Probably about 40% of the students have experience in the workforce, the others are coming straight from undergrad they come from a variety of backgrounds, so the cyber security students tend to have a little bit broader background. Right now we have students from India, Kazakhstan, Peru, and the United States. Of course, we also have students from Canada and China. We have students from a very broad area and some of the students have experience in the government; one of the students worked for a State police agency for about five years before he came to the program; We also have a fair amount in cybersecurity space. We have a couple of people with Military experience that came directly into this; We have a couple with technology backgrounds in the industry that are coming into the program; And then we have people coming straight from undergrad too. So I would say it's more of a mix of people with some work experience that are coming into the program. Cybersecurity students are very passionate about what they're doing. We asked all Fintech and Cybersecurity students “what do you think you want to do when you graduate”. There's a pretty broad spectrum: for cybersecurity students, the spectrum is a little bit more narrow. They tend to be focused on a couple of more specific areas. I think that that may be because there are not as many students. We're just in the first year of that program. We're already talking about expanding one of the classes. Two of the people that teach in the program – one is the chief information security officer for Duke University and the other one is the chief information security officer for Duke health, which is one of the largest healthcare providers in the state of North Carolina. His previous job was teaching cybersecurity at the US naval academy and he and I have been talking about increasing some of the opportunities for students to work in an on-campus lab.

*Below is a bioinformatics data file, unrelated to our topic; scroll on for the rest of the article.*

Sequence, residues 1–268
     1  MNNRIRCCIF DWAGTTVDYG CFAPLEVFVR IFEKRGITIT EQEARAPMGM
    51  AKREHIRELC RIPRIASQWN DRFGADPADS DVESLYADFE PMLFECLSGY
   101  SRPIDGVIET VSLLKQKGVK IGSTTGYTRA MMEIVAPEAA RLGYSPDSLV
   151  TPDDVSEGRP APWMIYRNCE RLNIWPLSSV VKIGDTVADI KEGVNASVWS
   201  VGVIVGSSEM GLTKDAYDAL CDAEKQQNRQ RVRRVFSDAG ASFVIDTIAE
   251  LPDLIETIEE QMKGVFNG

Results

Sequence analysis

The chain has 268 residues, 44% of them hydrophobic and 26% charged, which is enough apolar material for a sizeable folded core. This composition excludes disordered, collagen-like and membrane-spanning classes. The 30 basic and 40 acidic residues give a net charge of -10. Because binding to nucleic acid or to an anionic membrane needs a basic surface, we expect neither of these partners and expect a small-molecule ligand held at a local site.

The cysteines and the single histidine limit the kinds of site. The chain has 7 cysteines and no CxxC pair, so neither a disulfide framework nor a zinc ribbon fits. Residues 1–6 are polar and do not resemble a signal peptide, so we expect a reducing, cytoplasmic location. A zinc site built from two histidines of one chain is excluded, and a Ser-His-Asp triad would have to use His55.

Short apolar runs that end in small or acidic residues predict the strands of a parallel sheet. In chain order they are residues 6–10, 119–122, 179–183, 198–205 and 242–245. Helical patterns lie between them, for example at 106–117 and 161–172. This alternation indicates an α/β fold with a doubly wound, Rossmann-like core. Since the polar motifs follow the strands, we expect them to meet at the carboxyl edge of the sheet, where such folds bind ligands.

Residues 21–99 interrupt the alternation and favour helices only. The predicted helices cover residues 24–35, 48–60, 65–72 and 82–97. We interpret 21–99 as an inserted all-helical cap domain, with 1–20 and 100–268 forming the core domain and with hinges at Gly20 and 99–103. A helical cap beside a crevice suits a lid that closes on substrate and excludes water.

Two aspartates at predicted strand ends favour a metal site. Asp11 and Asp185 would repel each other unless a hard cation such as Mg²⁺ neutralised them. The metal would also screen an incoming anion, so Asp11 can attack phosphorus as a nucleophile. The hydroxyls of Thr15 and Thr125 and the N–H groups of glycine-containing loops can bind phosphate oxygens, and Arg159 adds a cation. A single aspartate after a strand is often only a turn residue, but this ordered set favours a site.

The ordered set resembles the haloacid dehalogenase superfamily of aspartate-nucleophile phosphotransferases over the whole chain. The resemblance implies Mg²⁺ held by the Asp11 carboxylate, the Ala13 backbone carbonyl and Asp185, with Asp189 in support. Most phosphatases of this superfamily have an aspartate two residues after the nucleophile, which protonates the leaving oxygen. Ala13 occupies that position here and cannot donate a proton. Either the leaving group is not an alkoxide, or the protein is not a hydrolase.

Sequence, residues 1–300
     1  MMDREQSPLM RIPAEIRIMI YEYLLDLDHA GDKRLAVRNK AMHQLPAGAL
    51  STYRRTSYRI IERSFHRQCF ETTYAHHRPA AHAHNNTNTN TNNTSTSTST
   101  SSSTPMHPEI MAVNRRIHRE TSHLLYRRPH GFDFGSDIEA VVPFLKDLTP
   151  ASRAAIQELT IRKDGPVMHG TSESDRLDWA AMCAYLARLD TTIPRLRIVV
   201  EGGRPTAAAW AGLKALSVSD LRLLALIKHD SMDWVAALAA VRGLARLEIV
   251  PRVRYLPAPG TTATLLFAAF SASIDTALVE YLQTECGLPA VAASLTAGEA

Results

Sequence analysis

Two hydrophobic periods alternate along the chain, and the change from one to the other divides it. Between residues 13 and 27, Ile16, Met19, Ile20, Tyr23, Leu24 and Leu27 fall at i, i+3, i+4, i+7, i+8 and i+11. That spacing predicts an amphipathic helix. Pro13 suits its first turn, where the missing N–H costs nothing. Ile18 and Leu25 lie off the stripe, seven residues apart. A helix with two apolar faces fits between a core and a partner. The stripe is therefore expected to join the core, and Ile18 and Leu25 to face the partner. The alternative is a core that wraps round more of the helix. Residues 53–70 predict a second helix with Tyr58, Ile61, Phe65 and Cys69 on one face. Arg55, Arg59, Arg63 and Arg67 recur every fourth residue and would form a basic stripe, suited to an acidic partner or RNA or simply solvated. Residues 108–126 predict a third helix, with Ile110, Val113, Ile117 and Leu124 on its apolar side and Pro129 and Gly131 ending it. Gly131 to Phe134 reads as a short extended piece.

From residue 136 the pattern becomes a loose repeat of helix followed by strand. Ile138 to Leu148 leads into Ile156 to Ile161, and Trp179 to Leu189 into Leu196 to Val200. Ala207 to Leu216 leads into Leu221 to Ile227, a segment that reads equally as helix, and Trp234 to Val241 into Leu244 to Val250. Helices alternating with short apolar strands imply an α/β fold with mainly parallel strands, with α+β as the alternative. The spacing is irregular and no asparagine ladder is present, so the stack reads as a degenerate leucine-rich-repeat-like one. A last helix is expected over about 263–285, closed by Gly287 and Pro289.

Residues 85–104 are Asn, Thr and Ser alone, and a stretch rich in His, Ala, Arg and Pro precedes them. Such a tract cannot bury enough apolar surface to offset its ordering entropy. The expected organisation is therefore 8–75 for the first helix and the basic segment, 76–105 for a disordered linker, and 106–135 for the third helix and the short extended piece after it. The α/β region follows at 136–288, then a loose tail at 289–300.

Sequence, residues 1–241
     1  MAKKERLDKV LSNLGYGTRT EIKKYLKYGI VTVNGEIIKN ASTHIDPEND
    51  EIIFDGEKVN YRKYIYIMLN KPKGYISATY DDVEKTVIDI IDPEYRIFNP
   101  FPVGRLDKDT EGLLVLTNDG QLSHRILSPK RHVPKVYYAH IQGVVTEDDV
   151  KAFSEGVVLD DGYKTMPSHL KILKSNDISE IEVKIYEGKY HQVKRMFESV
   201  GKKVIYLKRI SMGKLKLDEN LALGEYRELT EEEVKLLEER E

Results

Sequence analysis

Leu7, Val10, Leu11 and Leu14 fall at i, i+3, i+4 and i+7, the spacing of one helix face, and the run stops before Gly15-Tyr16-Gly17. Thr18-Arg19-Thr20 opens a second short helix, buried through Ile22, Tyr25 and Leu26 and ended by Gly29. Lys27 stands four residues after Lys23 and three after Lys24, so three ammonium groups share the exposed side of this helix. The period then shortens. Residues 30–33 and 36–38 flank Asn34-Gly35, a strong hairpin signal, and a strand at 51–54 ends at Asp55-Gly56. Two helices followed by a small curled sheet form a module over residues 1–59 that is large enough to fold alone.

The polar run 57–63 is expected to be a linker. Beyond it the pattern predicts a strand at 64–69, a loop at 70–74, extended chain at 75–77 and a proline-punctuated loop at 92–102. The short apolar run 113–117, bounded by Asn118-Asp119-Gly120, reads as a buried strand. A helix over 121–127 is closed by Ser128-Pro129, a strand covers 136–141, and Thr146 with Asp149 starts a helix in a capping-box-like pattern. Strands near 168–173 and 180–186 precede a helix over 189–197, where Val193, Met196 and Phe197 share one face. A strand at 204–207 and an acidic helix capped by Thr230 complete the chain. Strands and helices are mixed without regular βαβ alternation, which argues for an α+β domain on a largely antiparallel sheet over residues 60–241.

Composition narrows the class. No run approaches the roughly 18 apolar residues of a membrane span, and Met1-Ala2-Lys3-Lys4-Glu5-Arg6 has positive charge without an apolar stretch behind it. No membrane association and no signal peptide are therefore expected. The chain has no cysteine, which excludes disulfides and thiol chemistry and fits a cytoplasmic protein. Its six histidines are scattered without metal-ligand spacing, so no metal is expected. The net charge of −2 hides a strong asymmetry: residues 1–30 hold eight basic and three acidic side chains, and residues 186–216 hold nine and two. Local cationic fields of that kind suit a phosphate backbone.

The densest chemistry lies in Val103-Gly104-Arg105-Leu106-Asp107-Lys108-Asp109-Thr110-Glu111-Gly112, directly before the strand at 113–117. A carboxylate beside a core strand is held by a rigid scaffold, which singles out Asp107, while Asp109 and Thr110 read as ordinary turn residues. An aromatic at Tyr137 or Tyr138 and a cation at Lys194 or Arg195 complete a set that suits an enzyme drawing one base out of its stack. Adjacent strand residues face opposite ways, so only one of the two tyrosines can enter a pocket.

C (Prof. Luyao Zhang): So is there any connection between the Cybersecurity and FinTech program? Because you know, like blockchain is the trust machine in cyberspace, so there must be some connections.